Does localised content on TV networks prove to be more engaging in a globalised world? Rahul Johri, Senior Vice President and General Manager, South Asia, Discovery Channel in a tête-à-tête with Professor Siddharth S. Singh of the Indian School of Business, discusses marketing and regulation in the TV industry and ways to continually engage with the viewer.
Siddharth S. Singh: The Discovery Channel’s growth in India has primarily been through programmes that have been developed in the United States (US) or elsewhere. It has also expanded the channel network to focus on a variety of segments. In addition, much of the content is localised by tailoring it for audiences or dubbing content into the vernaculars. Given this, how do you go about identifying and testing concepts for new programmes for an India specific audience?
Rahul Johri: First of all Discovery is not a US focused channel. If we were a US only channel, our viewership numbers across the world would not be as significant as it is currently. Everybody in the world is interested in wild life, nature, and environment. These are topics that travel very well globally. Another factor to keep in mind is the logistics that underlie our huge network. A wildlife show, for instance, can cover four seasons (spanning a year) in an hour. With Planet Earth – the most expensive nature documentary series to be commissioned – costs go up to $10 million to produce eight hours of footage. No single market can afford to bear that kind of cost. If I focus on having an India only channel and produce all this rich content I will be out of business before the first hour is produced. So, in a sense the content we produce works on a shared model that runs all over the world. Everybody shows and shares such content. In that sense, I must add that at Discovery, content is not always prone to be US focused. It is global content that we are producing for a global company and for a global audience. Having said that, a sufficient amount of our efforts are devoted to generating new content from within the Indian sub-continent. Our objective is to produce content in India which has the potential to appeal to viewers from outside the region as well. The more appealing the idea and concept of a show – the more people who are engaged with the show across the world. Shared content is the basis of our programme supply.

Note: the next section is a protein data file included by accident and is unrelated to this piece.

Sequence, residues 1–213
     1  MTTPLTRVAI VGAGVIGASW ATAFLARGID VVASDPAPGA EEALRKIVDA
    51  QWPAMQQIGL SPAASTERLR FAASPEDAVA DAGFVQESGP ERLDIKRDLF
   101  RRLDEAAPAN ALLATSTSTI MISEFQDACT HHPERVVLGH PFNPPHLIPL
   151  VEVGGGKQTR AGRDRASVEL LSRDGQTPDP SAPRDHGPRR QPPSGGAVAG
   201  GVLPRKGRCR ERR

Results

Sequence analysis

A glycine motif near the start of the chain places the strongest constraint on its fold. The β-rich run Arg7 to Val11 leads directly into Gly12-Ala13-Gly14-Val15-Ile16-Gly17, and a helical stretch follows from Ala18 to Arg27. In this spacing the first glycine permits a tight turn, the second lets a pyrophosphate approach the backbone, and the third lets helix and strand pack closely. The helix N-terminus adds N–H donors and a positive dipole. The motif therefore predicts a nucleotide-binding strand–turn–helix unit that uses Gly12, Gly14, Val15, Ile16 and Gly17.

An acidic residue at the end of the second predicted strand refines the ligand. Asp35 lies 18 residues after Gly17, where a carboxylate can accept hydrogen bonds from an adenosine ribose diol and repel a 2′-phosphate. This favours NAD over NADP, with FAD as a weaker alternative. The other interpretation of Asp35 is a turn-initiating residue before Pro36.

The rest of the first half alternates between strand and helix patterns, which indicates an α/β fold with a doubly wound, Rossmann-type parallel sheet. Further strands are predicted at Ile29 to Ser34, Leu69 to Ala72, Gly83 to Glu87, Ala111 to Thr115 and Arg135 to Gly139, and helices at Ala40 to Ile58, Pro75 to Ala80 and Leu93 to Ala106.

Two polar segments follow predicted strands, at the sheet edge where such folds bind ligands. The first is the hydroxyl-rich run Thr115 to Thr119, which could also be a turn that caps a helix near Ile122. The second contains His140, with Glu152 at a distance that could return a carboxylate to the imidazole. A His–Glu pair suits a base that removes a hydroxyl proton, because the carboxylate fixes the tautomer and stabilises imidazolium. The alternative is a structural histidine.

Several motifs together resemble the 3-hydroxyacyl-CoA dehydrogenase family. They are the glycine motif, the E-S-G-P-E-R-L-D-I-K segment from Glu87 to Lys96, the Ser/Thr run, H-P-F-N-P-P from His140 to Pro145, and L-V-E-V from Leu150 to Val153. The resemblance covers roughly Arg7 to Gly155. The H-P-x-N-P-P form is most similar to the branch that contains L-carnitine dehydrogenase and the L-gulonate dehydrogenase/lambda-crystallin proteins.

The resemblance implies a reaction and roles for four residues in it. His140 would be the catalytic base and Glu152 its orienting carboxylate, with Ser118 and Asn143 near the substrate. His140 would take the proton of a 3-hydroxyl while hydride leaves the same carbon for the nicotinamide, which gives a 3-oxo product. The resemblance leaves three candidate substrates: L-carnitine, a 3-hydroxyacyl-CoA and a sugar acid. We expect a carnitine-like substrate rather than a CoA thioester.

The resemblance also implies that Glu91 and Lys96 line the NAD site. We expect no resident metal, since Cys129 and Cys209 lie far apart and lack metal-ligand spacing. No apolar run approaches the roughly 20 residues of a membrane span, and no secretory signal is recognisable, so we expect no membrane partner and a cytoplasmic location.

Singh: The process of developing shared content involves broadly, creativity in developing a concept followed by detailed market research on the viability of the show. How do you decide on commissioning or shelving a particular type of programme?